17 april, 2009

Tätt bakom ledaren – Ericssonbåtarna i topp

Det svänger ordentligt i Volvo Ocean Race. Telefonica Blue behåller sin ledning när det återstår 2 800 Nm. Men placeringarna därefter varierar kraftigt. På lördagseftermiddagen låg Ericssons båtar tvåa respektive trea. Det skiljer bara 1 Nm mellan tvåan och trean. Avståndet till ledarbåten är dock över 100 Nm. Bilden ovan är från Ericsson 3.

Det finns alltså all anledning att tro att spänningen kommer att hålla i sig ända till Boston. Ingen båt, förutom Telefonica Blue, verkar kunna dra ifrån det övriga fältet.

Ericsson 4, som leder Volvo Ocean Race totalt, med sin skeppare Torben Grael, släpper dock inte greppet om andraplatsen och verkar vara den båt som kan utmana Telefonica Blue om slutsegern på den här etappen.

Martin Krite signalerar segelskifte ombord på Ericsson 3. Foto Gustav Morin/EricssonRacingTeam

Här är den senaste pressreleasen på engelska från Race Office:

Saturday, 18 April 2009, 1330 GMT


So much for the Doldrums. The entire fleet appears to have emerged more or less unscathed by the ITCZ on its passage north. If there are winners from this push through the notoriously calm and tricky area to sail, it’s been the boats at the front and the back of the fleet.

First, to the front, where Telefonica Blue continues to stretch away from the chasing pack. Bekking and his blue boat were first into the trade winds, and as such, have only added to their advantage over the past 24 hours.

At 13:00 GMT on Friday, Telefonica Blue held a 63-mile lead. Today on the 13:00 position report, that advantage was in triple digits at 106 miles.

In a short email today, skipper Bouwe Bekking referred to his concern about the fleet closing in on him again, but there’s no imminent danger of that in the forecast.

“We have been going well and stretched away a nice amount, so it is up to us to keep this going until the finish,” he wrote. “We will compress again, as soon we start sailing in lighter air the others will gain quickly. It looks tricky ahead, so a matter of keeping our eyes open.”

Bouwe may be being polite in keeping up hope for those behind. His navigator, Tom Addis, was more blunt about his team’s prospects when he contacted Race HQ last night.

“A key milestone down for us today – reaching and extending in the north east trades,” Addis confirmed. “This means a couple of key potential stumbling blocks are now out of the way, which is a massive relief for us all on board, Fernando and the doldrums ticked off, now it’s into some simple sailing again.”

It may be simple trade wind sailing, but it’s surely not easy for that bunch behind. As Cameron Kelleher reported yesterday, we have a helluva race on our hands: 15 miles between second place and sixth place, with boat speed likely to be the dominant difference maker (along with the odd, random cloud) now that we’re back in the trades.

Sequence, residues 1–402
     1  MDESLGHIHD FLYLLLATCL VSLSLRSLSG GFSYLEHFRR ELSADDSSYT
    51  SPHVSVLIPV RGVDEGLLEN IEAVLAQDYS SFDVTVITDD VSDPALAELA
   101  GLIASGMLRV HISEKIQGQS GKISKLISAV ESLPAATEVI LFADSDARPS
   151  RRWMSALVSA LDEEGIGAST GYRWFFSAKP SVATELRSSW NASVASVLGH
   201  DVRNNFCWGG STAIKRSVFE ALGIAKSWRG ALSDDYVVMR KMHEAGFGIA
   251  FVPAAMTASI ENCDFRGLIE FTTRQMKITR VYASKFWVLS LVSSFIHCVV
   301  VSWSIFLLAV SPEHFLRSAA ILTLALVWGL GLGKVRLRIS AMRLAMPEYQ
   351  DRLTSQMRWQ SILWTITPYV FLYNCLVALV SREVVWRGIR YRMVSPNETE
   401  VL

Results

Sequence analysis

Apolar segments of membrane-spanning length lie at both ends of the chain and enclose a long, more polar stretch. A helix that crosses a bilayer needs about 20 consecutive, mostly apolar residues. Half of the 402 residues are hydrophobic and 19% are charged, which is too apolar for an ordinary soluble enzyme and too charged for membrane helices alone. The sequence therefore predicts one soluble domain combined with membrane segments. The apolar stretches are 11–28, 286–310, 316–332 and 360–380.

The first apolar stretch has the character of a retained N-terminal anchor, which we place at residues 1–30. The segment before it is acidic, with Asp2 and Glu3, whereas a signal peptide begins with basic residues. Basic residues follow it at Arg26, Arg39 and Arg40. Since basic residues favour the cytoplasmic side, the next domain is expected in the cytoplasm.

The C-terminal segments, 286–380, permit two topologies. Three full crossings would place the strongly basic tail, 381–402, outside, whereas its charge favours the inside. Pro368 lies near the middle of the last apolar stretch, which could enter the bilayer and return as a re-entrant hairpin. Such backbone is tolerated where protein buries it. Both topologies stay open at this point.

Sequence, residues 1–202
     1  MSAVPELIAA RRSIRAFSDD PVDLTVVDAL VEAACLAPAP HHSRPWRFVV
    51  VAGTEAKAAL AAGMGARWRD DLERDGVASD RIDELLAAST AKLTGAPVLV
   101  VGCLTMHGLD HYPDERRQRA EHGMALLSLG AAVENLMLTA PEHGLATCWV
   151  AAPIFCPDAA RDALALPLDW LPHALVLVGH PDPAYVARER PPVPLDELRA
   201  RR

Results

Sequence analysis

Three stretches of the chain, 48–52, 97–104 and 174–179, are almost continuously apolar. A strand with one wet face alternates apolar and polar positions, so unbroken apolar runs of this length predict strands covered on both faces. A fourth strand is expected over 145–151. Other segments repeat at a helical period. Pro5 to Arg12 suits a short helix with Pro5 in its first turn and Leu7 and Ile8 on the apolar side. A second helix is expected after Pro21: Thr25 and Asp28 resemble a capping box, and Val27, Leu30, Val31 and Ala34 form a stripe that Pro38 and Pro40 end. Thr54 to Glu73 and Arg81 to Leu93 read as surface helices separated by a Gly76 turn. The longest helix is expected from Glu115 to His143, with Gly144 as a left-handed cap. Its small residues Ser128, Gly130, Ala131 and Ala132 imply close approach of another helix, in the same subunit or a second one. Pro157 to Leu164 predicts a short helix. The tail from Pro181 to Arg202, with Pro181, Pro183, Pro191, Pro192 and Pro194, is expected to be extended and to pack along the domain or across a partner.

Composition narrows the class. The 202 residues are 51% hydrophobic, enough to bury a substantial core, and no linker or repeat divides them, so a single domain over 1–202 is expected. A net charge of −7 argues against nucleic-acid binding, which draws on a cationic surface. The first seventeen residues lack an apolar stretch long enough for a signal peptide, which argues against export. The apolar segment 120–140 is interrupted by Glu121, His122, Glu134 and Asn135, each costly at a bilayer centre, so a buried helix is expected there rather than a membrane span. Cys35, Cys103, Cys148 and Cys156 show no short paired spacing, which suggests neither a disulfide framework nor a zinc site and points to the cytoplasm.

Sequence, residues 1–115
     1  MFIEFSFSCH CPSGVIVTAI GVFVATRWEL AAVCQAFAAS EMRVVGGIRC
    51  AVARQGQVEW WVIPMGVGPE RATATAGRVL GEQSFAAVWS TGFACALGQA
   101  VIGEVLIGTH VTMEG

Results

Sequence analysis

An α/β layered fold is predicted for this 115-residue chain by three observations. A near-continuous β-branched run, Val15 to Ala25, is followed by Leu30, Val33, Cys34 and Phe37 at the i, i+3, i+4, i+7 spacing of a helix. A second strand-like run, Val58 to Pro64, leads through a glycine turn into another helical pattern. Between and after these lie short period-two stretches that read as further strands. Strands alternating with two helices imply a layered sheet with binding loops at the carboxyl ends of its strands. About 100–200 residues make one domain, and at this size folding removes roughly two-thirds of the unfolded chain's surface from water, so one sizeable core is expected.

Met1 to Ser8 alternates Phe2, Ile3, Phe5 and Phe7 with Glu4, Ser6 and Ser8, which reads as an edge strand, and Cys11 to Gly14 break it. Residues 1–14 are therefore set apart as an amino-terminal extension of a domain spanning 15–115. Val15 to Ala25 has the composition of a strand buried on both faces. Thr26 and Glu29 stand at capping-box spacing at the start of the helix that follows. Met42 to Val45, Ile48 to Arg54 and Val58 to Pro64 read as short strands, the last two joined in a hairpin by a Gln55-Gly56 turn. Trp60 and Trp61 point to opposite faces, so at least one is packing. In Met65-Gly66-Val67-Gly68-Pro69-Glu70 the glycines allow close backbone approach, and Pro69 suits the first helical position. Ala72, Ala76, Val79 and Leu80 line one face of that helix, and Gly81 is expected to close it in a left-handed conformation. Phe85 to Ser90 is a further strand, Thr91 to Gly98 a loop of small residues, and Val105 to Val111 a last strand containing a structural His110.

A quick peek into the Data Centre shows what this is all about.

At 13:00 GMT today, the range of windspeed across the fleet was just 1.5 knots (from 18.5 knots on Ericsson 4 to 20 knots for Telefonica Black and Green Dragon). So as you would expect, boat speeds as well are fairly uniform. A look at the 24 hour runs confirms this. Leaving aside Telefonica Blue, they range by just 20 miles across the rest of the fleet.

There is still a reasonable amount of leverage between Ericsson 4 as the most westerly boat in the fleet and PUMA in the east – about 35 miles – but other than that, the next few days are all about teasing out every fraction of speed possible from your steed.

At the top of the story, we said the winners in the Doldrums were at the front and back of the fleet. For Green Dragon, in seventh place, this was a chance to get back into the match and they’ve done just that.

Their disadvantage in reaching conditions has been well documented, but Ian Walker’s team consistently shows some tactical nous when the situation calls for it, to get themselves back up the leaderboard.

The last 24 hours have been no different, with the Dragons at one point getting within sight of the others ahead. Unfortunately for them, in the conditions forecast now, they can expect to slide back a little over the coming days.

“It’s been an exciting 24 hours for us (as) we gained lots of miles in the Doldrums getting within sight of Ericsson 3 and Telefonica Black,” wrote Walker this morning.

“The Doldrums had plenty of rain clouds and sail changes but the bottom line was we kept moving well in the right direction most of the time. It was crucial that we went well through this stage as four days of power reaching lie ahead of us. We are now settled into reaching in 20 knot NE Trade winds which means we can rattle off over 400 miles per day straight at Boston – something that is unusual for this race so far.”

Wouter Verbraak, Delta Lloyd’s snavigator, has sent in a good description of what we can expect over the next few days as his team prepares for battle in the trade winds. As with Green Dragon, the current conditions aren’t favourable to the men on Delta Lloyd, who will be trying to keep the game close, in hopes of an opportunity to make a move in the future.

“Speed is what it is all about again for the next 2000 NM to pass the Caribbean Islands. No big passing lanes, just full focus on squeezing every last tenth of a knot out of the boat.

“Bar the Green Dragon, the newer generation boats have significantly more stability than us, so we will have to work our hardest in the next 48 hours to keep up with them. After this at least the winds will shift right a bit, the wind angle will open up, and the stability will not be as hard.

“Good to see that everybody here on the Team Delta Lloyd is giving it everything, and is always looking for that little extra. The atmosphere on board is good. Determined, focused and always some smiles and a little joke around. Time to hammer out some big skeds, reaching is where these boats excel. Boston here we come!!”